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Re: What's the current recommendation for speeding up bits of guile code

From: Rob Browning
Subject: Re: What's the current recommendation for speeding up bits of guile code.
Date: 20 Mar 2001 11:21:38 -0600
User-agent: Gnus/5.0808 (Gnus v5.8.8) Emacs/20.7

Marius Vollmer <address@hidden> writes:

> What I like to do is to have a sort of compiler framework that can
> generate code for a portable byte code machine or for GNU Lightning,
> a JIT compiler.

Wow.  I hadn't heard about lightning, but after reading the info
pages, it's certainly interesting, and having clean integration with
guile would be really pretty stunning.

However, this raises some points:

  * Lightning seems like it's a fairly long-term solution.  Any idea
    how long it might take to get something useful working, and is
    there a way it could be phased in, with useful results more
    immediately?  In other words, I'm wondering if there's some way to
    start small, maybe with a (jlt-compile) function that isn't very
    smart, and often does nothing, and then incrementally improve.
    (Note: I haven't had time to think about the idea much yet, so I
    don't yet have a good grasp on the issues involved.)

  * Since lighting is only really ready for x86 right now it's
    probably not a strong option for gnucash at the moment.  I suppose
    we could just consider it a performance enhancer that didn't work
    everywhere, but I'd rather not do that to our powerpc/sparc/etc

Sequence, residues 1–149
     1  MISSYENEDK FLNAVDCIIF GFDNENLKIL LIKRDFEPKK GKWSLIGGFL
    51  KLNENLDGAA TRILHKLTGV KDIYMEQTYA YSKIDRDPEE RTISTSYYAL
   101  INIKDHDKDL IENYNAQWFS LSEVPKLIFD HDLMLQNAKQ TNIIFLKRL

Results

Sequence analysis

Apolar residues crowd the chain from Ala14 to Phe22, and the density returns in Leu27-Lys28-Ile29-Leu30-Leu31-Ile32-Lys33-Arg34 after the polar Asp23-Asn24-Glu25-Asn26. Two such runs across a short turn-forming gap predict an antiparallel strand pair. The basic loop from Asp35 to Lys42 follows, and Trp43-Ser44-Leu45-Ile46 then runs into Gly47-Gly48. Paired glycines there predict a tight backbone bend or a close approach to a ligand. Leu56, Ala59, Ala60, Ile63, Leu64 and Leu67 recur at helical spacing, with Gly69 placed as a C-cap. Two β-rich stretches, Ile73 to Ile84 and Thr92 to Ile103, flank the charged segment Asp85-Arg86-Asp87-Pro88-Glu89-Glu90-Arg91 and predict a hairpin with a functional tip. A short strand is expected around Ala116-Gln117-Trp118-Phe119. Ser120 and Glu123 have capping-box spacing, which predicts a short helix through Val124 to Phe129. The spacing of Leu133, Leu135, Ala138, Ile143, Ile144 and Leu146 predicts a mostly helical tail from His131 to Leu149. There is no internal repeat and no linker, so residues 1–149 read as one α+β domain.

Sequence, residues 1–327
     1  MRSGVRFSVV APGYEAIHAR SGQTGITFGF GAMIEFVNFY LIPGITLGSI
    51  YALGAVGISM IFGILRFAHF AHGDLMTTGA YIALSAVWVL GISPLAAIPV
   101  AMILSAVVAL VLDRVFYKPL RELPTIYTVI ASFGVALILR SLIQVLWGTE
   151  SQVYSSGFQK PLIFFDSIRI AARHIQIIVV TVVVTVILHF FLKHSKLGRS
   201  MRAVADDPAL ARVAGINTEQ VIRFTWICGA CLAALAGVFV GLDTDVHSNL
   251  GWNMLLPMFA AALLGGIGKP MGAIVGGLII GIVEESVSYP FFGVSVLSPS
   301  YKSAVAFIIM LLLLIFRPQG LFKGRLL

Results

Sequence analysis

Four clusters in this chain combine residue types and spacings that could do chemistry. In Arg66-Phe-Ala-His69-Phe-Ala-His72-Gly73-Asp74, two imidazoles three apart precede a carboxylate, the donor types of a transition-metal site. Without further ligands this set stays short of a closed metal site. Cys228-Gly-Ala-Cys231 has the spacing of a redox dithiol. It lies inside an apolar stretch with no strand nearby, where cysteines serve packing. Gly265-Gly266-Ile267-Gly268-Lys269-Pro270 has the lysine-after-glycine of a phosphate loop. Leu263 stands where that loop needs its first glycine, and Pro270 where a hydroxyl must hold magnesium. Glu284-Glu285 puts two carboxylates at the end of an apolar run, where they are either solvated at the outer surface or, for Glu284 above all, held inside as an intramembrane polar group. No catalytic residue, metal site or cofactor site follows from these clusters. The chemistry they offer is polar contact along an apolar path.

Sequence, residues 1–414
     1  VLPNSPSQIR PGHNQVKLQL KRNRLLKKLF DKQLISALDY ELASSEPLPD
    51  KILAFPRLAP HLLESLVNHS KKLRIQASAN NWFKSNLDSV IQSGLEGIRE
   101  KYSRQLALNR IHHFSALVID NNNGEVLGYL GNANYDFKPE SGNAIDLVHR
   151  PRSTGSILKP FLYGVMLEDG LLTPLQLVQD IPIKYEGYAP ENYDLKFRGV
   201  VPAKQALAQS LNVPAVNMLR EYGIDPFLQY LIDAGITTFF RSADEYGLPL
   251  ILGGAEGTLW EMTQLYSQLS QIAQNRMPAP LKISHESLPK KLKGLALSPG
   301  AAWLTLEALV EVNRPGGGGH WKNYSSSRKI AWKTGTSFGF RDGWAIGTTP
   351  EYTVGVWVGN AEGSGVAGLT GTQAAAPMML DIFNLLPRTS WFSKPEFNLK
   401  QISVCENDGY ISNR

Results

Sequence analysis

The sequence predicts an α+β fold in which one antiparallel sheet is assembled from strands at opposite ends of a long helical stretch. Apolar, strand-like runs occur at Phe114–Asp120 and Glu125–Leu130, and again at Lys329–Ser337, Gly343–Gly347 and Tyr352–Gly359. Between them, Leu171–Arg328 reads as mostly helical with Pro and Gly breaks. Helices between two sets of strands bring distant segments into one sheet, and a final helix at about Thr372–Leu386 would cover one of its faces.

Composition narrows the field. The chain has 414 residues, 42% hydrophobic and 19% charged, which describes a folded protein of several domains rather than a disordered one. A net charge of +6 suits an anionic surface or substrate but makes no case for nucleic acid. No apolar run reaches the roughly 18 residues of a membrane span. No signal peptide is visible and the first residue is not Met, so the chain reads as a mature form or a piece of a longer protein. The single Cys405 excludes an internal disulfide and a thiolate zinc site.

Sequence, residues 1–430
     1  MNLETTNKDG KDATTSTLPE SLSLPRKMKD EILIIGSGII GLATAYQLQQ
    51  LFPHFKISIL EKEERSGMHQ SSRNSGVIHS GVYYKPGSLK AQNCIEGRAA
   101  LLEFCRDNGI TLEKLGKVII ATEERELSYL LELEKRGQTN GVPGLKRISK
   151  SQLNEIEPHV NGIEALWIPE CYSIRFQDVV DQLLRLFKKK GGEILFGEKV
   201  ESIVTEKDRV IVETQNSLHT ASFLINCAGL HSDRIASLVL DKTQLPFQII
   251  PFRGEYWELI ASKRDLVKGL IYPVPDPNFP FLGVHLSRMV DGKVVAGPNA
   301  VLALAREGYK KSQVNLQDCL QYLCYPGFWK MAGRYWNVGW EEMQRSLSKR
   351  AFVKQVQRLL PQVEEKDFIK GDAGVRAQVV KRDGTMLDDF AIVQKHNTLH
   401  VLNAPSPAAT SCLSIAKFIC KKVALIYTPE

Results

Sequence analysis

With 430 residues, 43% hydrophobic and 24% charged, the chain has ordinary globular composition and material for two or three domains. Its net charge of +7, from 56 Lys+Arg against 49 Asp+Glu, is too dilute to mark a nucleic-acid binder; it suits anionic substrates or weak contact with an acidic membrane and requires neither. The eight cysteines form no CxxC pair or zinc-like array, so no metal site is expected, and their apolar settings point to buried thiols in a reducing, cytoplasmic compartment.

users (even if few) if we don't have to.

  * So are there shorter term possibilities?  For example, I've never
    used hobbit, but does anyone know if it's even close to working
    with guile 1.4, or is there some other more immediate option?

  * Finally, ightning doesn't address the issue of more agressive
    (static) compilation a-la gcc or stalin since it doesn't do (and
    doesn't plan to do) broader code analysis[1].  Is there any
    interest in that down the road i.e. perhaps a (compile-file foo)
    or (compile-function foo) call that hands the code over to a
    stalin-like compiler or generates C directly for gcc?  In either
    case, you'd end up with object code that could be used later, or
    dynamically loaded right then -- or is this kind of thing just not
    considered very important?  (Not particularly concerned either
    way, just trying to figure out what the current sentiment is...)

[1] Though I realize there's a different (and powerful) class of
optimizations you can do with a JIT compiler that you can't with a
black-box "big-chunk" compiler :>


Rob Browning <address@hidden> PGP=E80E0D04F521A094 532B97F5D64E3930

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